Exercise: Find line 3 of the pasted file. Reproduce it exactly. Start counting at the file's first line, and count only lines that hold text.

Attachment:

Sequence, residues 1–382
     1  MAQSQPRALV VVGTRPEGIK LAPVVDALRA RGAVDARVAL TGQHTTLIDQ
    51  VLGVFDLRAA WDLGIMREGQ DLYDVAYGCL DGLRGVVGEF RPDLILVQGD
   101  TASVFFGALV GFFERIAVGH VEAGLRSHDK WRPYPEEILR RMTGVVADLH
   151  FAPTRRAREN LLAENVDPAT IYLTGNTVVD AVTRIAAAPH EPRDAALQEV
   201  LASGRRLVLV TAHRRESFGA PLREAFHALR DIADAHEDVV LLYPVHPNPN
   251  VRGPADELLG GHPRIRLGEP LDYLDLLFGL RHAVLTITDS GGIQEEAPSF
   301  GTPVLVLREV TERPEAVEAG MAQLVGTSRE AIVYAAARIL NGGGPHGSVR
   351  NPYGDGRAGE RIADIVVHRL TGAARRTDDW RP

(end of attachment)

    51  VLGVFDLRAA WDLGIMREGQ DLYDVAYGCL DGLRGVVGEF RPDLILVQGD